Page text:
Vanderbilt Law Review

First Page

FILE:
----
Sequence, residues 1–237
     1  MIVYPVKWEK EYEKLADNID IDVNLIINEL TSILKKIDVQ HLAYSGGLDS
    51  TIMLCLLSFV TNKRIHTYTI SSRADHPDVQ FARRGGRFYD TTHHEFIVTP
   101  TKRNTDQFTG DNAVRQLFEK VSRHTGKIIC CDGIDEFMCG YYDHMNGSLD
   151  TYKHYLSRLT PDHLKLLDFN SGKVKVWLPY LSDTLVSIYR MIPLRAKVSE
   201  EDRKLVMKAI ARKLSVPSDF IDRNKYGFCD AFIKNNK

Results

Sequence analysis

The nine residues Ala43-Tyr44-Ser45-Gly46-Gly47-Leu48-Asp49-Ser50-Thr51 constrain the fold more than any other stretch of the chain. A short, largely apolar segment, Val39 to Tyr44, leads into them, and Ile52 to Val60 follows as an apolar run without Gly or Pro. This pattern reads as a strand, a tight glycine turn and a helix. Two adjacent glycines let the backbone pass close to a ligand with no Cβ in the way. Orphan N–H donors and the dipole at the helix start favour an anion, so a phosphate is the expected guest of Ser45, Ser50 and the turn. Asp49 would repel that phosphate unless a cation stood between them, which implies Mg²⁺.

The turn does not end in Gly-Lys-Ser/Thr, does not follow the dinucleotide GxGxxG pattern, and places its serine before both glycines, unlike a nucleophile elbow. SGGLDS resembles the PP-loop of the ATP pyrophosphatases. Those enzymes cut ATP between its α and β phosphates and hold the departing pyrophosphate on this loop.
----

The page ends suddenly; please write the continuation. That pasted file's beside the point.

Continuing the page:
An icon of administrative law is under attack. Prominent figures in the legal world are attacking Chevron. The critics could hardly have gone after a bigger target. Chevron is the most-cited administrative law case of all time. Every law student who has taken a basic course in administrative law is familiar with the principle of "Chevron deference," under which courts must defer to an executive agency's reasonable interpretation of an ambiguous provision of a statute the agency administers. The current attack on Chevron does not merely suggest that courts should limit the case's application. It is true that the Supreme Court has recently limited Chevron in various ways-it has, for example, limited the kinds of agency pronouncements that are entitled to deference, and it has declared that some matters are so momentous that Chevron does not apply to them. But the latest attack goes far beyond that. The latest claim is that the very concept of Chevron deference is unconstitutional. Judges, legislators, and scholars have suggested that the Constitution imposes a duty on courts to exercise "independent judgment" when interpreting a statute. This duty, Chevron's critics say, derives from Article III's vesting of the "judicial Power" in the courts, and it forbids courts from deferring to an agency's interpretation.